Ecologists have long wondered how to tell when a population of animals is about to slide toward extinction. A new study provides a statistical alarm that does just that. "The paper is an important test of early-warning signals," says ecologist Stephen Carpenter of the University of Wisconsin, Madison, who was not involved in the work. The result was based on a simple laboratory experiment, but if the technique works in the wild, it could help land managers know when they need to step up their conservation efforts.
The major causes of animal extinctions today are clear: habitat loss or degradation, invasive species, hunting, and pollution. But it's been nearly impossible to predict whether or when an endangered population will become so imperiled that it is doomed to vanish if nothing is done to help. Theoretical biologists have suggested that this tipping point toward extinction would be preceded by a phase of so-called critical slowing down, a mathematical phenomenon seen before a variety of events, including abrupt change in past climates. For endangered species, critical slowing down means that a population takes longer and longer to bounce back from small declines.
John Drake, an ecologist at the University of Georgia, Athens, and Blaine Griffen of the University of South Carolina, Columbia, decided to look for signs of critical slowing down in the lab. Griffen set up 60 small tanks and put populations of water fleas (Daphnia magna) in each. After letting the Daphnia get settled for several months, Griffen mimicked environmental degradation in half the tanks by gradually cutting back on the blue-green algae he fed them. These nutrition-deprived populations began to slowly shrink. After about 270 days, they passed a tipping point and died out within a bit longer than a year. The other 30 populations, which received a stable food supply, fluctuated in size but persisted.
Drake then analyzed the trends in population size. Four statistical measures of abundance showed signs of critical slowing down in the degraded environments but not in the healthy ones, Drake and Griffen report online today in Nature. The slowing down lasted as long as eight generations before the populations crossed the tipping point to extinction. The experiments offer "remarkable statistical resolution" of critical slowing down, says William Fagan, a biologist at the University of Maryland, College Park.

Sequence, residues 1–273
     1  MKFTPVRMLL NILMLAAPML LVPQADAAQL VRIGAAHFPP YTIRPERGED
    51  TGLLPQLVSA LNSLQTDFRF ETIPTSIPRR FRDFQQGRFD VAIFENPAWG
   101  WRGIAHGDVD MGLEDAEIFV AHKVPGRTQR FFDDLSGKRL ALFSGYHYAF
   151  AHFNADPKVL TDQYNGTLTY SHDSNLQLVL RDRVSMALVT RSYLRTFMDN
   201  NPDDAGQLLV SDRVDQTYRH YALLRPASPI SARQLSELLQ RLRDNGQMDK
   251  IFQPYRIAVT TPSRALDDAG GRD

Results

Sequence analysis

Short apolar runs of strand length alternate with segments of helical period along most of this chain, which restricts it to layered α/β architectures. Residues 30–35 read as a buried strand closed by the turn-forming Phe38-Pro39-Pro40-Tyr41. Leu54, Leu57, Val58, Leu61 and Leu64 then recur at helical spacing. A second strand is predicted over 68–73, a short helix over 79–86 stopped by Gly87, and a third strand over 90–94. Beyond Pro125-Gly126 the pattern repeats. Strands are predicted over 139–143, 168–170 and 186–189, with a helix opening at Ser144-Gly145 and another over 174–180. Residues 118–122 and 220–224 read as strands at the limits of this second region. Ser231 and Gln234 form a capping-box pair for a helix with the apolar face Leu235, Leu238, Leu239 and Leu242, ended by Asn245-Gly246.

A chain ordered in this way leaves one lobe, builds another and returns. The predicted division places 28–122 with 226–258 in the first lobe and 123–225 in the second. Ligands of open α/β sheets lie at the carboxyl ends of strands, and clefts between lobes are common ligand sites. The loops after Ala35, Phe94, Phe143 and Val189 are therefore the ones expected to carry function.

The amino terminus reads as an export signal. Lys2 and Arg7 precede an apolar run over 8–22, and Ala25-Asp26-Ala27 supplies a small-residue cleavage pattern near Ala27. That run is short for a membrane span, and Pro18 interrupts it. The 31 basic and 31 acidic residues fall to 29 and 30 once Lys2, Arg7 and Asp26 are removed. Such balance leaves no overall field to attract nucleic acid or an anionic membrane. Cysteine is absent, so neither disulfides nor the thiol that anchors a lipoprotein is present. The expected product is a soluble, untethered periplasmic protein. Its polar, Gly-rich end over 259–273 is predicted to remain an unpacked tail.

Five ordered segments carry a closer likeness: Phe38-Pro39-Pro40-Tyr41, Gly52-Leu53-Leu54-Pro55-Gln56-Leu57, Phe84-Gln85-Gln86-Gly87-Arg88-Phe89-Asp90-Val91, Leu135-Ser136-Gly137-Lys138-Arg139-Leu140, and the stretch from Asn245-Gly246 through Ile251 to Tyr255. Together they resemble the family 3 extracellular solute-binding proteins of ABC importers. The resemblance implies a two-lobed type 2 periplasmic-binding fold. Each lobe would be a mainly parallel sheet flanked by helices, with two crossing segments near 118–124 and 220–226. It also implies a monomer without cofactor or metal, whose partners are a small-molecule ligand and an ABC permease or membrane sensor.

"It is indeed a milestone article," adds Marten Scheffer of Wageningen University in the Netherlands. "It provides experimental evidence for generic early-warning signals that have been theoretically predicted." One advantage of looking for such warning signals, Drake adds, is that it would not require detailed knowledge of the species, such as the amount of habitat needed, only a comparison group or baseline data on population trends. In principle, that could make critical slowing down a broadly applicable tool for conservation biology.
The big question is whether the signal can be detected in noisy ecological data from the real world. For the species of highest concern, Fagan notes, the population estimates are much scarcer and more uncertain than the laboratory data that Drake and Griffen analyzed.